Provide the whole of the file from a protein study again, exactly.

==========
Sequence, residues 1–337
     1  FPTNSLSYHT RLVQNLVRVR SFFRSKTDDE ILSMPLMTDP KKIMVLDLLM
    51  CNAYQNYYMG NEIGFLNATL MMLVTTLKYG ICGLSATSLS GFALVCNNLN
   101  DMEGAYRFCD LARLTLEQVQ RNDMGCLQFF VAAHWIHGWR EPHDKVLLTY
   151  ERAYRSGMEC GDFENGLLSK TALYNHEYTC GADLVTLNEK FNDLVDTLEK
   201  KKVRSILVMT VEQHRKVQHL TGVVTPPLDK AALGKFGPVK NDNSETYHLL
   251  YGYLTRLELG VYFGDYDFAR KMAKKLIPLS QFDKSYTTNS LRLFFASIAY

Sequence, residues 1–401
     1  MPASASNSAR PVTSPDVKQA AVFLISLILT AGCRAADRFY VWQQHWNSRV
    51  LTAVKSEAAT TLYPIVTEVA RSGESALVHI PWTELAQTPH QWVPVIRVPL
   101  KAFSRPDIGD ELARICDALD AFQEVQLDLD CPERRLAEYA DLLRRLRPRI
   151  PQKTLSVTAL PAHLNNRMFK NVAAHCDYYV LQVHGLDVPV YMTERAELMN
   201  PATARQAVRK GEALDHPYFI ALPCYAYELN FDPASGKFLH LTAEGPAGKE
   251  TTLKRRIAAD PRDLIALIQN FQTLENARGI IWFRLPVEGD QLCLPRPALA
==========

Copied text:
Sequence, residues 1–337
     1  FPTNSLSYHT RLVQNLVRVR SFFRSKTDDE ILSMPLMTDP KKIMVLDLLM
    51  CNAYQNYYMG NEIGFLNATL MMLVTTLKYG ICGLSATSLS GFALVCNNLN
   101  DMEGAYRFCD LARLTLEQVQ RNDMGCLQFF VAAHWIHGWR EPHDKVLLTY
   151  ERAYRSGMEC GDFENGLLSK TALYNHEYTC GADLVTLNEK FNDLVDTLEK
   201  KKVRSILVMT VEQHRKVQHL TGVVTPPLDK AALGKFGPVK NDNSETYHLL
   251  YGYLTRLELG VYFGDYDFAR KMAKKLIPLS QFDKSYTTNS LRLFFASIAY

Sequence, residues 1–401
     1  MPASASNSAR PVTSPDVKQA AVFLISLILT AGCRAADRFY VWQQHWNSRV
    51  LTAVKSEAAT TLYPIVTEVA RSGESALVHI PWTELAQTPH QWVPVIRVPL
   101  KAFSRPDIGD ELARICDALD AFQEVQLDLD CPERRLAEYA DLLRRLRPRI
   151  PQKTLSVTAL PAHLNNRMFK NVAAHCDYYV LQVHGLDVPV YMTERAELMN
   201  PATARQAVRK GEALDHPYFI ALPCYAYELN FDPASGKFLH LTAEGPAGKE
   251  TTLKRRIAAD PRDLIALIQN FQTLENARGI IWFRLPVEGD QLCLPRPALA